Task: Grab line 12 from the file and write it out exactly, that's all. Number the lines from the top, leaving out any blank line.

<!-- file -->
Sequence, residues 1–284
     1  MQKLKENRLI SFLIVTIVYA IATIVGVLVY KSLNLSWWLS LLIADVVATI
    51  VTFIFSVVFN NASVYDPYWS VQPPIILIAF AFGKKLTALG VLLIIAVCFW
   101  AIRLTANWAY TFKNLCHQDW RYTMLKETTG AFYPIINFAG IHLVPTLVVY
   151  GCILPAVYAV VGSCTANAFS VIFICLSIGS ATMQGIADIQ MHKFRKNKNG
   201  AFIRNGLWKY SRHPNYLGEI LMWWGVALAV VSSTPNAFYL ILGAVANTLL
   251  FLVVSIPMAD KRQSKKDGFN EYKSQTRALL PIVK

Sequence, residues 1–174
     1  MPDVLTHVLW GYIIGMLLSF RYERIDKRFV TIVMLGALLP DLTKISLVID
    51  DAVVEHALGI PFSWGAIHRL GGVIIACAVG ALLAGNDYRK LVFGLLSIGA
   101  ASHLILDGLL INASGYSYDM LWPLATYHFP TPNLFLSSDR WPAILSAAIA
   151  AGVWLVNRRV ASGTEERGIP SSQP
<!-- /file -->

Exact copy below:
   151  AGVWLVNRRV ASGTEERGIP SSQP